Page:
Social networking sites are rising in popularity and have grown at a tremendous rate to include demographics and age groups from all over the world. While social networking sites help many people stay in touch, they may also pose a risk to users who do not protect their personal information.
A Consumer's Union survey in January showed that 9 percent of the 2000 households that used social networking sites suffered from identity theft, scams or harassment, or malware in the previous year, reports the Los Angeles Times. Consumers may unknowingly post information that, in the hands of a criminal, could lead to identity theft. Consumer Reports advises users to safeguard their information by taking a few small protection measures, the LA Times reports.
Users should refrain from using generic passwords, such as their name or a consecutive series of numbers, in order to make their login information more challenging and less likely to be hacked. A mixture of upper- and lower-case letters, numbers and symbols will make passwords more difficult to break, according to Consumer Reports.
Users should not list their full date of birth on Facebook, which criminals can use as a foundation to obtain additional personal information, said Consumer Reports.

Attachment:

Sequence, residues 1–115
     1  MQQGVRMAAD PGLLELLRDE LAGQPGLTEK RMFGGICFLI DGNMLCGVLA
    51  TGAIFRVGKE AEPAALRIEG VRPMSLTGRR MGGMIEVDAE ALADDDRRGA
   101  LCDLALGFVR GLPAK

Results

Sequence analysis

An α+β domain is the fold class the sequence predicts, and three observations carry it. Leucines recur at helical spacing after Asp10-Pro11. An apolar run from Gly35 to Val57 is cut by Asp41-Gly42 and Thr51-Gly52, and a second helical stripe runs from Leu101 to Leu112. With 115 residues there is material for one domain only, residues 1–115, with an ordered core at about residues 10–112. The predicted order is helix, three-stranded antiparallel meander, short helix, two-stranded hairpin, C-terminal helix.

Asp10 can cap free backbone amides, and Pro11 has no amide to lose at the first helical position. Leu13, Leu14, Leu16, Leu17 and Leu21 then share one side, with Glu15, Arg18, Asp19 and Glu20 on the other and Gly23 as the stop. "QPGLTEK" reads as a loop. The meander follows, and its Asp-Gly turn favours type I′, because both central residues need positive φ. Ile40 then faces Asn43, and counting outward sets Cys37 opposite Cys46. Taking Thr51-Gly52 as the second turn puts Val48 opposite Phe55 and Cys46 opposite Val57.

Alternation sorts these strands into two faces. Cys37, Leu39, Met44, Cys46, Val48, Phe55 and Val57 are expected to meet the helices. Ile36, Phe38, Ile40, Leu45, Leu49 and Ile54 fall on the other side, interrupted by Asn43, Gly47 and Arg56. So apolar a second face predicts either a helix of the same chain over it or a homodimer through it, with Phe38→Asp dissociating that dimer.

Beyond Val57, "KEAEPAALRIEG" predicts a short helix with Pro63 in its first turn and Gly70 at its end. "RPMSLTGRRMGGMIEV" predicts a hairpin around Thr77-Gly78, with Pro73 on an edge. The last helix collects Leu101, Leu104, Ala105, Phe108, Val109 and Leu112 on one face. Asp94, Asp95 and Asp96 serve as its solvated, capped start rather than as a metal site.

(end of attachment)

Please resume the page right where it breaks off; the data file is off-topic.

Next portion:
Users are discouraged from posting when they plan to leave their home for a trip or vacation, Consumer Reports told the Times. Revealing when a home will be vacant, especially if the address is listed on the site or the user is publicly listed in a phone book, can give criminals a free pass to the user's house.
To better protect personal information, users should purchase and update security systems that contain anti-virus, anti-spam, and anti-spyware applications, Consumer Reports advises. Users are also advised to steer clear of emails that contain links to banks or financial institutions. Identity thieves often use this method, known as phishing, to access a users account information.
Facebook in particular has experienced a recent backlash from members of Congress who are concerned that the new privacy changes, which allow a user's information to be made public, are infringing on the privacy rights of members. The changes allow information, such as hometown, current city, work and education information to be available to members that are not friends with the user, as well as third parties.